As evidence, the article said, "In December 2016, frozen pork belly inventory totaled 17.8 million pounds, the lowest level since 1957, according to the U.S.Department of Agriculture."  (Bacon is made of pork bellies that have been sliced and smoked or cured.)

This raised a stir nationwide because bacon is one of the most popular American foods.  It can be eaten alone or used in recipes to punch up the flavor of more mundane casseroles and salads.  Bacon or bacon flavoring also has been featured in products ranging from ice cream to lollipops to toothpaste to artisanal chocolate.


Personally, I questioned the whole bacon-shortage thesis.

I had read an article in October 2016 that asserted there was an overall pork surplus.  From that piece:

         Hog futures were the worst investment in commodities last quarter and in 
         the past year.  That's because there are simply too many pigs.

         "We could have not just a record but an obscene record supply" (of pork), said 
         a financial analyst in Illinois. (Illinois is the country's second-larges pork-
         producing state after Iowa.) 

One reason given for the problem was softening demand in China, a country whose cuisine relies heavily on pork.  The Chinese economy has had a case of either the sniffles or a full-blown flu for a while now, depending on whose numbers you use.

In addition, the fourth quarter is traditionally the time of year when most porks are slaughtered.  It could have been expected in October that pork inventories, including pork belly inventories, would be rising rapidly.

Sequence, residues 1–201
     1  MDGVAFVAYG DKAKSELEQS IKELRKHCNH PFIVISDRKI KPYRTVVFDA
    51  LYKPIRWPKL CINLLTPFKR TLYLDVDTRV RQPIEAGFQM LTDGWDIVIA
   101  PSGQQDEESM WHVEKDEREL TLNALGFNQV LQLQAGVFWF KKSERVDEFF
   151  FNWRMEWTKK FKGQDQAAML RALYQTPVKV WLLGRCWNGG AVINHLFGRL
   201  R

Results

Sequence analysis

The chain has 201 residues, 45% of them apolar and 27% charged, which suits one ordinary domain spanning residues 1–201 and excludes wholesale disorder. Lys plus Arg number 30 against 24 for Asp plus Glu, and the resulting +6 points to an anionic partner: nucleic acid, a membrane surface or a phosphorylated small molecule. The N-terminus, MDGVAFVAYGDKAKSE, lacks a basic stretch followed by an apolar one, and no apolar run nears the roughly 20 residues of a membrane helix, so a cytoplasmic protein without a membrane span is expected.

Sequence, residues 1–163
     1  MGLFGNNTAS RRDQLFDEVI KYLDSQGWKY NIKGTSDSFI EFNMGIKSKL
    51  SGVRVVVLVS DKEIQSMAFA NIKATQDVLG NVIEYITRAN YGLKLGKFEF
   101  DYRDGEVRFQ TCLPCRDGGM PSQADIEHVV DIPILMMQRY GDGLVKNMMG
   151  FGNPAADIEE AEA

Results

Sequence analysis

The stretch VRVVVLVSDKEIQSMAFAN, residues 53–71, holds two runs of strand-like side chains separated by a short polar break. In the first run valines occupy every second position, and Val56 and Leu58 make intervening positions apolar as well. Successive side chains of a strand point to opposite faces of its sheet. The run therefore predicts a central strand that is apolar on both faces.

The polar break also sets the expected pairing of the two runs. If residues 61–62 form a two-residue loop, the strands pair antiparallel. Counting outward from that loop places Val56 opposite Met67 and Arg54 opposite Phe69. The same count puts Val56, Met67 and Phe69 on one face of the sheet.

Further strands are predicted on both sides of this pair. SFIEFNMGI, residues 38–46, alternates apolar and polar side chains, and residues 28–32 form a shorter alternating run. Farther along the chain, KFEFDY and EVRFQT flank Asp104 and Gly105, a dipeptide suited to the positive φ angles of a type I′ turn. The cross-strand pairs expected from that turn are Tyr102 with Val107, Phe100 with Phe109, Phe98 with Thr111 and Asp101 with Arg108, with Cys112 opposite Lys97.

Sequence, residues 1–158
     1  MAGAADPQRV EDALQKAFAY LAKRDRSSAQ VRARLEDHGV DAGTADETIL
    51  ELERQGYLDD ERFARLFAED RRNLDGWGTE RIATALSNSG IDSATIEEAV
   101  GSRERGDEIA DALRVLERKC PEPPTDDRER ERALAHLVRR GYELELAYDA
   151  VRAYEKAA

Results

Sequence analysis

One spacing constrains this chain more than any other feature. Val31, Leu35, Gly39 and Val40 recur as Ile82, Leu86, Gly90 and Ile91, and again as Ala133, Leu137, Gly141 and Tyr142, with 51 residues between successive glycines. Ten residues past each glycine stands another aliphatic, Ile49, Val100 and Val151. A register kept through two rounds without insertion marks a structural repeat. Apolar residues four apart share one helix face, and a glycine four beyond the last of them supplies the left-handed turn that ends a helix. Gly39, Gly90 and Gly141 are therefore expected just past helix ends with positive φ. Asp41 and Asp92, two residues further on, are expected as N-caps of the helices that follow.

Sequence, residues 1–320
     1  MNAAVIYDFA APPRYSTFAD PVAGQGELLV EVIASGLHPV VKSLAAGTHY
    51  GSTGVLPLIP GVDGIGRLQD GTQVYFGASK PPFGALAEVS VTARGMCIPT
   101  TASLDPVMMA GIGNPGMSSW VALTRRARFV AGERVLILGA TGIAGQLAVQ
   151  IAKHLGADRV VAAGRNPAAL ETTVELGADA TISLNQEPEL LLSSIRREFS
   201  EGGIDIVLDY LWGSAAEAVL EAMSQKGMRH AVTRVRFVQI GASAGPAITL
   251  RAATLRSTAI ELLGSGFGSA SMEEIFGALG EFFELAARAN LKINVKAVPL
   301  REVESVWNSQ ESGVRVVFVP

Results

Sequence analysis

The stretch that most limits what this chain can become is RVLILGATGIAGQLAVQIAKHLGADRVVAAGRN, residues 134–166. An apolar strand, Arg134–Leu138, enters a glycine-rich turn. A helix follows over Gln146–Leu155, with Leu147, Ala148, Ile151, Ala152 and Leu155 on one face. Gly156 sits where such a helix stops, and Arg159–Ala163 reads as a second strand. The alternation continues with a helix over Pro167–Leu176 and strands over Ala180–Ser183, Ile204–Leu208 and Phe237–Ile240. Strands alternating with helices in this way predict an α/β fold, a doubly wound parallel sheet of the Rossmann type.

Taken together, these facts made me suspect that the country does not face a pork shortage generally or a bacon shortage in particular. 

And I wasn't the only skeptic.  A late-week report in the august New York Times called the pork shortage story "fake news."  From the article:

         “To imply that there’s going to be some shortage of bacon is wrong,” said 
         Steve Meyer, the vice president of pork analysis for EMI Analytics, in an
         interview as the bacon reports spread. “There’s plenty of hogs coming. There’s 
         going to be plenty of bacon.”

(Vice president of pork analysis -- what a job title!  But I digress.)

Pork Bellies

Between the years of 1961 and 2011, pork belly futures were traded on the Chicago Mercantile Exchange.  The price fluctuations in futures provided signals to farmers about the profitability of investing in hogs at given times. This would tend to smooth supply.